That computerized response added no luster to you or to the University. It did not stamp you as an involved and dedicated leader with uncompromising fortitude and timely courage. It was not the action of a moral exemplar whose first priority is for the good of the Church.
In fact, in light of all that has since happened, your response only underscores the additional questions of why you continue to prolong your silence, why you delay, why you avoid any statement, why you refuse to act.
All Catholics are now compelled to confront the present crises which Mr. Obama has ignited. As we do so, we must always be aware that the aggressive confrontation which Mr. Obama has chosen is a delicate and dangerous form of human interaction. As we respond, we Catholics (unlike our enemies) must choose to walk a cautious line between fact and emotion, between fairness and excess, between reasoned expression of principle and careless, rash judgment, between moral tradition and secular expediency, between the demands of Christian virtue and the crass, unprincipled tactics of morally indifferent politicians such as Mr. Obama who possesses great power and influence.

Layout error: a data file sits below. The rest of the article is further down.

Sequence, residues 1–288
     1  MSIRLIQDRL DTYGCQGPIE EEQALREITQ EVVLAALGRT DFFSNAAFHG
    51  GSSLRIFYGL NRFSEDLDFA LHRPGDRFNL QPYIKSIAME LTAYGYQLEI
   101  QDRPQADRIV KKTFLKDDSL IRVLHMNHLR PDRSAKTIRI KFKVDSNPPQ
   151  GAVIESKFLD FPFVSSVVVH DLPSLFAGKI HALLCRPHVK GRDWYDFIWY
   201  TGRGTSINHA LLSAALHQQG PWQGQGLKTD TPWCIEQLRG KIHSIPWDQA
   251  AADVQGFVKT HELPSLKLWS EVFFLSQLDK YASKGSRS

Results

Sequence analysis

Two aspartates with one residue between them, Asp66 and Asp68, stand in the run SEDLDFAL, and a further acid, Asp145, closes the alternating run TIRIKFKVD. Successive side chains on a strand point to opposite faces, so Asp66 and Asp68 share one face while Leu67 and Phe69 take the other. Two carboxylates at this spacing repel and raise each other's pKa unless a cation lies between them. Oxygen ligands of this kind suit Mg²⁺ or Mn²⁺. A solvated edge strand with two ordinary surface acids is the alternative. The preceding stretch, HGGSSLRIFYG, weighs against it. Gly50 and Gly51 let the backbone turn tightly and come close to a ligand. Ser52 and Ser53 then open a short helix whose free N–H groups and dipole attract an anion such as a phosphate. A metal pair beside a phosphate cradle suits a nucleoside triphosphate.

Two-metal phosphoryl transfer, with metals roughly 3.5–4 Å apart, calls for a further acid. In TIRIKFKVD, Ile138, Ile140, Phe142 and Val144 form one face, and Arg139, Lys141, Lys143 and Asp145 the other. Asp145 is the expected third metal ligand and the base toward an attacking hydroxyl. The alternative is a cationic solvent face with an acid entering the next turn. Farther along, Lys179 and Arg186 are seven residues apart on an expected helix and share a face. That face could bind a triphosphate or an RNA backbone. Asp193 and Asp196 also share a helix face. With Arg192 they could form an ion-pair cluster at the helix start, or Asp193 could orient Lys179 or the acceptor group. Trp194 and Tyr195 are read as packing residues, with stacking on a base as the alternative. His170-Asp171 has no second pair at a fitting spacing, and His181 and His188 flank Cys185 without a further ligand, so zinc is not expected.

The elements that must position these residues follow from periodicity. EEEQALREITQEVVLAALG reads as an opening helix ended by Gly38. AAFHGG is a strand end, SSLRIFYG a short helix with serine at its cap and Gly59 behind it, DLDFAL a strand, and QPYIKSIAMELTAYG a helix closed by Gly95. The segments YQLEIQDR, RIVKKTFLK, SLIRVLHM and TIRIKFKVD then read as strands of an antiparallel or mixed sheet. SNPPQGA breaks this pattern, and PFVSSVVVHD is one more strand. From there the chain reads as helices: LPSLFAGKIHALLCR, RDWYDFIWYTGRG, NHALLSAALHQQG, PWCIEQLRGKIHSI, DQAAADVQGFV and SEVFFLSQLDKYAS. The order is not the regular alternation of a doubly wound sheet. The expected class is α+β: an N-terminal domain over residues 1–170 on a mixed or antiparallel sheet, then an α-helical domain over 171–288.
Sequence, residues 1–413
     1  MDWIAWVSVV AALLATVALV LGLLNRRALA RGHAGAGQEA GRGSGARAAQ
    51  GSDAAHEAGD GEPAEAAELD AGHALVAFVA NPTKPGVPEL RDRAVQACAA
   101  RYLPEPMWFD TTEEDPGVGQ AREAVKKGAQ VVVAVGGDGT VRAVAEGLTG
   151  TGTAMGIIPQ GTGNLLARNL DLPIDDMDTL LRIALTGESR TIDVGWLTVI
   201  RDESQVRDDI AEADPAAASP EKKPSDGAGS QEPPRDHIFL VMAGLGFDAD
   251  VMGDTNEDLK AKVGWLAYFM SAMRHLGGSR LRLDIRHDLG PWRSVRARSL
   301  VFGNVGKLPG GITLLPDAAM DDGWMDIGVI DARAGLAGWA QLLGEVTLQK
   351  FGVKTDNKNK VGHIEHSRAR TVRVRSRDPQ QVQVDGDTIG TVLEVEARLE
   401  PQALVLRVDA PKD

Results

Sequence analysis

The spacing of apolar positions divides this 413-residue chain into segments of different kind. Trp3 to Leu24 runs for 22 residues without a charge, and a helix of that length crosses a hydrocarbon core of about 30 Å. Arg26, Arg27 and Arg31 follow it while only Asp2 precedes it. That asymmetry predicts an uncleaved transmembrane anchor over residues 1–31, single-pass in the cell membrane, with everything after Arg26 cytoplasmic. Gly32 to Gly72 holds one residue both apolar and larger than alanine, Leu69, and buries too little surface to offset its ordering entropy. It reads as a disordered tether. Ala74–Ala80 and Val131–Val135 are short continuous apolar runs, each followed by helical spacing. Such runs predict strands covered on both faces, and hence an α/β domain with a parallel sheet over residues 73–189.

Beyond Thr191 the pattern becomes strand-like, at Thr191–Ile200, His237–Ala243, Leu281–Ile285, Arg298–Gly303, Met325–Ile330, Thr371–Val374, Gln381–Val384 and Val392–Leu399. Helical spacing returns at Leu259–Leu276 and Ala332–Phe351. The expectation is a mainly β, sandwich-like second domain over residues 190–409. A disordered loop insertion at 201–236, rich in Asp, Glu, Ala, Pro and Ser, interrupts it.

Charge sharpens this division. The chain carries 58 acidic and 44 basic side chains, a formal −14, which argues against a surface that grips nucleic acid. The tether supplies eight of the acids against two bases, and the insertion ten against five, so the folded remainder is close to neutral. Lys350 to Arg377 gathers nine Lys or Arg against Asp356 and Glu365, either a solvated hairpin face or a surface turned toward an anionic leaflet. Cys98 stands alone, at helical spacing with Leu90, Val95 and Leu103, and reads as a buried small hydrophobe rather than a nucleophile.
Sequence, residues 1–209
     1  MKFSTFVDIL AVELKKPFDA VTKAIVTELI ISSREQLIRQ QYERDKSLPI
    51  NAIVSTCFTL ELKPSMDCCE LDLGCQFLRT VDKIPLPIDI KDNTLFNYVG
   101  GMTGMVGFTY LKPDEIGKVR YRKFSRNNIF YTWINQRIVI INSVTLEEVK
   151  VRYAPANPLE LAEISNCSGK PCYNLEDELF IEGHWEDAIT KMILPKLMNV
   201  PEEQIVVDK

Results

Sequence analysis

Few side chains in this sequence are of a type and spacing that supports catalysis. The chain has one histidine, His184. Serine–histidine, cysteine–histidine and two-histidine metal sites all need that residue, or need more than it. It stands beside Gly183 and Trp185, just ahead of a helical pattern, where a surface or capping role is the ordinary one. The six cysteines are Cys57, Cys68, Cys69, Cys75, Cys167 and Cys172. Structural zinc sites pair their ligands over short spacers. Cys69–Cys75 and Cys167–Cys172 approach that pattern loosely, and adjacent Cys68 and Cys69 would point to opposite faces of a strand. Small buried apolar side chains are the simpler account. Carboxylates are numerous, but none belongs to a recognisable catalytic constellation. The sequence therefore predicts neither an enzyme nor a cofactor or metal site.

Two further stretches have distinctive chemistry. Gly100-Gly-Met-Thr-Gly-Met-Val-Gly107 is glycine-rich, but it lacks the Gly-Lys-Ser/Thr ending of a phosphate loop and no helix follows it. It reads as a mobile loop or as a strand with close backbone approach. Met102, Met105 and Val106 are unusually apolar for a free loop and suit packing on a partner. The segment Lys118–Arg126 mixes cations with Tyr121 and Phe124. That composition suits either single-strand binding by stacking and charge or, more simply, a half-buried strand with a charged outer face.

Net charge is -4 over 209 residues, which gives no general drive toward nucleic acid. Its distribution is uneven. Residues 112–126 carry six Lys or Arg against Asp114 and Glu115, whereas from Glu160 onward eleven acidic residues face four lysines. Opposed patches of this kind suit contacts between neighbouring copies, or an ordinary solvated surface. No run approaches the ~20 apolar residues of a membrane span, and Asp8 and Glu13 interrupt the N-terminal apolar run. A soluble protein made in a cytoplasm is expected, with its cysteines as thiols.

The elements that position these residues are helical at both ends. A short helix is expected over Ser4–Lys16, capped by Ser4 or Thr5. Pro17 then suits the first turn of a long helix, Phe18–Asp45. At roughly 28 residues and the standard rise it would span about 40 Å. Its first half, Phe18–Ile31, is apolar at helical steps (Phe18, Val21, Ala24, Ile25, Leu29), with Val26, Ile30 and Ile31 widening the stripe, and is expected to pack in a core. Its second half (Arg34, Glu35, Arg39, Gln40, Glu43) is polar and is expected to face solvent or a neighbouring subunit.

We Catholics must walk that delicate line between Charity and prudence on the one hand, and the demands of truth and rational evidence on the other. We are called upon to be leaven within a culture of death led by Mr. Obama and his followers who are dedicated to preventing and destroying life and exploiting the unborn even in the form of embryonic stem cell research.
We Catholics are, at times, inspired -- even required -- to stand up in public for our moral values and to articulate clearly those principles which our enemies despise and are doing their best to eradicate. That is what our Faith now requires of us all, laity and clergy. Nothing has ever been as clear as is this challenge to us all.
So, once again I ask that you finally step forward as befits the President of the most prominent Catholic institution in America.
Your prolonged silence in this and other prominent instances stands in stark and worrisome contrast to the unqualified, pro-abortion statements made by several Notre Dame faculty members.